Consolidation to have better economies of scale is one of the biggest themes in the world of e-commerce, and today a player in the world of online retail is announcing a large round of funding to double down on its approach to the concept. San Francisco-based Heyday — which buys up and then grows direct-to-consumer merchants and brands that have found initial traction, leveraging the Amazon marketplace — has raised $555 million, a Series C that it will be using to continue expanding its technology, investing in business development, and to buy up more assets. Specifically, it will also be opening deepening its engagement in Asia (with a seventh office in China); hiring more brand management experts and other talent; investing in more product development; and building out its marketing, supply chain, data science and M&A tech stacks.
The Raine Group and Premji Invest co-led this round, with previous backers General Catalyst, Victory Park Capital, and Khosla Ventures also participating.
Heyday competes against a large field of startups also raising huge amounts of money to follow their own Amazon marketplace roll-up strategies. Other big names out of the U.S. include Thrasio (which picked up a cool $1 billion in October) and Perch ($775 million in May). Heyday has been moving at a fast clip to keep up since being founded in 2020. This latest round comes on the heels of a $70 million Series B that was raised only in May of this year, with the total capital raised by Heyday to $800 million, a mix of equity and debt (Heyday did not specify the proportions of equity and debt in this latest Series C).
“Our pace is insane,” said Sebastian Rymarz, Heyday’s co-founder and CEO, in an interview. “We were born 16 months ago and are already crossing $200 million in revenues.” (That’s an annual run rate figure.) The company said its brands are currently growing at a rate of 64% year-on-year compared to the broader e-commerce market.
Heyday has never disclosed its valuation, and Rymarz would only say that this latest round was made at “a very good valuation.”
That lack of detail is intentional. “I don’t want the team thinking or me getting into my head that ‘we’ve won,’” he continued. “We’re only 16 months in to what we think will be a multi-decade journey. I don’t want to celebrate valuations at this stage.”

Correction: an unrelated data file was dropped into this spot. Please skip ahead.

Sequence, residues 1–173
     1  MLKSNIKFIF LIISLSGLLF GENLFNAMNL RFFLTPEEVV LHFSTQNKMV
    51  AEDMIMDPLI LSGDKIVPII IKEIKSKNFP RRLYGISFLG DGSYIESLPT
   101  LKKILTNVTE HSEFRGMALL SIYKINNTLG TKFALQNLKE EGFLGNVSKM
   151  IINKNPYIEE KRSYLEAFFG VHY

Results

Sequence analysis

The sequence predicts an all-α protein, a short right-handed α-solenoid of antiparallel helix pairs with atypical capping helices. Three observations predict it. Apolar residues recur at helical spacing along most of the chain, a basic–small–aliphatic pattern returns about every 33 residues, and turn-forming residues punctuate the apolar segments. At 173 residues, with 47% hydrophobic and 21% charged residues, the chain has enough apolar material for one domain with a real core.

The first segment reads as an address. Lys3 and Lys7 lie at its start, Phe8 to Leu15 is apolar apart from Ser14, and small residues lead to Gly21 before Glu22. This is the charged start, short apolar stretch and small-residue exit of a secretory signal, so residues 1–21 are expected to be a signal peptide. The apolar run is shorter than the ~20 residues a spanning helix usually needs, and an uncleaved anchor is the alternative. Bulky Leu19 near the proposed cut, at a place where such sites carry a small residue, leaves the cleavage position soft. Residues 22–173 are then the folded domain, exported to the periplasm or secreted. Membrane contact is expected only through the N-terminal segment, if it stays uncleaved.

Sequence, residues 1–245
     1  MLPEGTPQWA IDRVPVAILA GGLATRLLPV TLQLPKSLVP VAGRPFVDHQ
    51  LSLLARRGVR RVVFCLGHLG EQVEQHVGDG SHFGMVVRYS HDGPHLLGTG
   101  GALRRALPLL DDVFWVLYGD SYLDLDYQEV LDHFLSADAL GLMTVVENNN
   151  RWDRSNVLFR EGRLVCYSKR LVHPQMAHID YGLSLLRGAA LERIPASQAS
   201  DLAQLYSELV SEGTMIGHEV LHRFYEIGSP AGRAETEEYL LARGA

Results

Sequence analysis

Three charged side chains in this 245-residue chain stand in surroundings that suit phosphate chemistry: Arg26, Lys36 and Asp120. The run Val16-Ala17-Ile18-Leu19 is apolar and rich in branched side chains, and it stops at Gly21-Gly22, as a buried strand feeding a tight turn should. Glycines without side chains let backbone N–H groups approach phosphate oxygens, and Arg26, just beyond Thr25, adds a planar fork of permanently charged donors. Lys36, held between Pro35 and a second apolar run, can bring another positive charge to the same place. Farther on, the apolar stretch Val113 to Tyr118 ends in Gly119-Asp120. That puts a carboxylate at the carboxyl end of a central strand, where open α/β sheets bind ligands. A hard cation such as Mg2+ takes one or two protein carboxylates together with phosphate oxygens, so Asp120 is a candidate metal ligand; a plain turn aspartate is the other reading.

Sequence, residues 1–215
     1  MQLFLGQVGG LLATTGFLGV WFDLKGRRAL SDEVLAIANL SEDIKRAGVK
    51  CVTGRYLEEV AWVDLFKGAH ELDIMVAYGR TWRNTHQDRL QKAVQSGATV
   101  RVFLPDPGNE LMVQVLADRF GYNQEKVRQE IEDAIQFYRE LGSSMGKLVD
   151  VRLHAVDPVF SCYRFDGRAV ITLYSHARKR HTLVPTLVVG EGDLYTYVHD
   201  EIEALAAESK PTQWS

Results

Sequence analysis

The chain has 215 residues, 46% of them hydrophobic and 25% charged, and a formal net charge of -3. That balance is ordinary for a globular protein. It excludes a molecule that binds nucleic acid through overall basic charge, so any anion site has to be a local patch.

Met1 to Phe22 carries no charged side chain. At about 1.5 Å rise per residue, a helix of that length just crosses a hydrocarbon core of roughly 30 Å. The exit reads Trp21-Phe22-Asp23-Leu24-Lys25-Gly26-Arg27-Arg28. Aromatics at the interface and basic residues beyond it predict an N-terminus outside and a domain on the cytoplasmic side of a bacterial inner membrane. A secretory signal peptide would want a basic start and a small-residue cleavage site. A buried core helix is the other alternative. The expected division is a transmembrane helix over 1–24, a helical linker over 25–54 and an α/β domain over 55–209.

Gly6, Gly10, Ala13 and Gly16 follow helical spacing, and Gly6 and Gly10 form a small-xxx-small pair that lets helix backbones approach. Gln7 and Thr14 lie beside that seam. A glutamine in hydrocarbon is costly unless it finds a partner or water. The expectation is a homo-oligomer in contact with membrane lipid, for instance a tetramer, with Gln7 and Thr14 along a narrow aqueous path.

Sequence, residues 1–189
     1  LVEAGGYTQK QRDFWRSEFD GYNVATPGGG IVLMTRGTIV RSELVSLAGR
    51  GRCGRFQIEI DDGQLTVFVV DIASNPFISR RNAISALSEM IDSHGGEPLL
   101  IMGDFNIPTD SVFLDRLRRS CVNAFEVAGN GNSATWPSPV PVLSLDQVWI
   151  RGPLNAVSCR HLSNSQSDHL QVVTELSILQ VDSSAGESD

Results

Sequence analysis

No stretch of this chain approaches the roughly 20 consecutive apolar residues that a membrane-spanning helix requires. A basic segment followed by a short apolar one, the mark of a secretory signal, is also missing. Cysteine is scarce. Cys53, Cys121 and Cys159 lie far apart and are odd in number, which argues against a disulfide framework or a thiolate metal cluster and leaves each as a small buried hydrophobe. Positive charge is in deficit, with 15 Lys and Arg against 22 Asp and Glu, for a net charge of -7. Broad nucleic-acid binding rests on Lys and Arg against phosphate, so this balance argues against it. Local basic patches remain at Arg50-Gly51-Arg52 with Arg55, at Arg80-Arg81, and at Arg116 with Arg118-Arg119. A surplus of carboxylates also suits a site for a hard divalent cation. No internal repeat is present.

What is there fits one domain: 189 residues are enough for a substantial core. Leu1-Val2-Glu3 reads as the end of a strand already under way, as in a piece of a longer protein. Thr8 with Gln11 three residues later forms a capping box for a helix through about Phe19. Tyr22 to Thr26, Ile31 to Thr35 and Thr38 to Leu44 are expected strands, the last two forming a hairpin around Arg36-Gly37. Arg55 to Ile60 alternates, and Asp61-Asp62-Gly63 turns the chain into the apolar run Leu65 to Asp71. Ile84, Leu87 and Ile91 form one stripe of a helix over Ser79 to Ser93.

However, as a point of reference, Thrasio is now valued at about $5 billion; Razor Group out of Berlin was valued at over $1 billion last week; and Perch also is now in the 9-figure range. As with all of these, Heyday is also profitable on an Ebitda basis, Rymarz confirmed to me.
There are millions of third-party sellers using Amazon as their primary route to market, and Heyday and others like it have seized on a prime opportunity to target them: often, these merchants lack the capital or appetite to take their businesses to the next level of growth. At the same time, as Amazon and other marketplaces mature, there are more sophisticated ways and more technology that could be used in aid of improving how to leverage them to find more buyers for products, amid a pool of me-too brands that are also finding ways to game Amazon’s algorithms.
The pitch that Heyday makes is that it has built technology that evaluates this sea of merchants to identify the most interesting of them all. Rymarz said that for every 100 merchants it looks at, it might consider buying just one.
When Heyday buys these companies, and their intellectual property, the idea is that it reaps the rewards of doing that scaling itself. It does so by integrating the business into a larger platform to manage marketing and sales analytics, production and distribution, and retail channels; and by following the company’s initial trajectory to continue developing more products to take along on that journey.